At its most fundamental, EEO compliance means treating all people equally when it comes to hiring, promotions, compensation, layoffs, benefits, disciplinary actions and other employment practices. While all employers are required to provide equal pay for equal work, The EEOC requires different things for different businesses based on size:
- For employers with 14 employees or fewer, EEO compliance requires paying employees of all gender identities equally for equal work.
- For employers with 15 to 19 employees, EEO compliance prohibits discrimination against all protected classes except for age in all employment and hiring practices.
- For employers with 20 or more employees, EEO requirements expand to ban age discrimination against people 40 years old or older.
EEO laws that apply to your company apply at all times. Your state may have additional rules depending on your company’s size.
When ensuring EEO compliance, you must consider not only your employees, but their families too. EEO laws ban discrimination against employees not only based on their own demographic traits, but also based on their partners’ or children’s race, color, sex, gender identity, sexual orientation, ethnicity, religion, disability, age or genetic information.
EEO compliance also extends to sexual harassment because, under Title VII, the federal government classifies sexual harassment as sex discrimination. Title VII also states that anyone who is hurt or offended by the perpetrator’s behavior is a victim of sexual harrassment, not just the person at whom the behavior was targeted.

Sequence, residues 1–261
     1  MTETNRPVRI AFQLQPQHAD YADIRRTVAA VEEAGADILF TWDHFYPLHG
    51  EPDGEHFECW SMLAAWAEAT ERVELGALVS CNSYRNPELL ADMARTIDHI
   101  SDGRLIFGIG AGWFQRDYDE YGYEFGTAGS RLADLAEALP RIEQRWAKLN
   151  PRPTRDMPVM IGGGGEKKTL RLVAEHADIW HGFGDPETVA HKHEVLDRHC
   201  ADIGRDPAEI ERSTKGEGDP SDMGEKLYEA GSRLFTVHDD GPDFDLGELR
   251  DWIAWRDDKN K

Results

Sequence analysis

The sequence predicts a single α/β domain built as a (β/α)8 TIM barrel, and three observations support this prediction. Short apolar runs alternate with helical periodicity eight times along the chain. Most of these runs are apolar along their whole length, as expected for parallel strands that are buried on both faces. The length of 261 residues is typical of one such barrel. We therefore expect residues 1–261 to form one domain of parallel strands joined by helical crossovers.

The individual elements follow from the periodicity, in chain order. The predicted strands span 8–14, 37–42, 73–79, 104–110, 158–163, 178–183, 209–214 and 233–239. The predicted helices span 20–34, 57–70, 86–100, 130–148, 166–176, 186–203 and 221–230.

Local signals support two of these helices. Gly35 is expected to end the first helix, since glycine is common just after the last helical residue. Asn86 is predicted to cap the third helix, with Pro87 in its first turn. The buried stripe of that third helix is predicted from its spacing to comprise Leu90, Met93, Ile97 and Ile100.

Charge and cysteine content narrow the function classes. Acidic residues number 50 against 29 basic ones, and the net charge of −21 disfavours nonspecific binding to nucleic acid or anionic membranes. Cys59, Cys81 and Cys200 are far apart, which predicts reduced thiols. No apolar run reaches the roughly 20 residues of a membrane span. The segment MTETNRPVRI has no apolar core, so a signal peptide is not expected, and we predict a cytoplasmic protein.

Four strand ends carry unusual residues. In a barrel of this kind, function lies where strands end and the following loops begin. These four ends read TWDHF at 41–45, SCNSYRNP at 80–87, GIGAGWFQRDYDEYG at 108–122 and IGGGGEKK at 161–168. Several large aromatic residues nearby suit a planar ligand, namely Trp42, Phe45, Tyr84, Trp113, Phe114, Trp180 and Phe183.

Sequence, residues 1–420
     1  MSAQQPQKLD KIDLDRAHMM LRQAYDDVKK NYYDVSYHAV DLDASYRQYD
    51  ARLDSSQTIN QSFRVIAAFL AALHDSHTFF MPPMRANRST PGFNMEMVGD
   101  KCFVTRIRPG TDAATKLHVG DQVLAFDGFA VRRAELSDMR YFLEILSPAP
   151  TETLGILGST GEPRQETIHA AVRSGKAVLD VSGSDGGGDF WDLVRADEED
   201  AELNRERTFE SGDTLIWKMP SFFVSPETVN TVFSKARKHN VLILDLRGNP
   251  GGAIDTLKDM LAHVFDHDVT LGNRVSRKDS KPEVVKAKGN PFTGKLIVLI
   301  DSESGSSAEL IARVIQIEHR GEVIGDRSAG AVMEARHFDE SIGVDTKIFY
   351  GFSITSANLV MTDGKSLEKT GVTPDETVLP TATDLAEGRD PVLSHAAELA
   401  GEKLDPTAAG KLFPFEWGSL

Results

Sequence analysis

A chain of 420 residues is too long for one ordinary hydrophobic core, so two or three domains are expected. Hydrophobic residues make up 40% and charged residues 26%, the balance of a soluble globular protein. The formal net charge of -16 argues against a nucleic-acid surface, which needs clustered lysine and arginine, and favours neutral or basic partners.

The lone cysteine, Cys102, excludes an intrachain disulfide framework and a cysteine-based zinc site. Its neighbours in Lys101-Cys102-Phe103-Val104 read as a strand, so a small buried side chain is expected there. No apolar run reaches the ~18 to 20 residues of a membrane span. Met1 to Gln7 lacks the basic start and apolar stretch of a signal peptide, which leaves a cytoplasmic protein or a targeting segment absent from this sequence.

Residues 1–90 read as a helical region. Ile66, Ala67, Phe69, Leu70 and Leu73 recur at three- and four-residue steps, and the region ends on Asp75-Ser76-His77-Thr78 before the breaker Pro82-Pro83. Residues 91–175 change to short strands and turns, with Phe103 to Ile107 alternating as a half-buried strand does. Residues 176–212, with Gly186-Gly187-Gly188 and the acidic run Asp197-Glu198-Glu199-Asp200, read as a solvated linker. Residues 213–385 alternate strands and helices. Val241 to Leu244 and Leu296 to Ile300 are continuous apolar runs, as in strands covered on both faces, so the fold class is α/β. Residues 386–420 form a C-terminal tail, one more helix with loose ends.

Sex discrimination is arguably the most expansive civil rights protection that EEO laws cover. Title VII also bans discrimination against victims of domestic violence, sexual assault or stalking. This means if you find out that any of your employees or job applicants is a victim of these crimes, you cannot incorporate this knowledge into business and HR decisions. Victims of the same crime must also receive the same treatment in the workplace.
How to maintain EEO compliance
If you apply common sense and standard fairness in your employment and business practices, you shouldn’t have trouble maintaining EEO compliance. That said, basic decency is only the start. You should also take the following steps.
1. Address your biases.
Some forms of discrimination that occur in the workplace are fairly well known, like the wage disparity between men and women and between white and nonwhite employees. Other biases and forms of workplace discrimination, however, are less widely known or understood.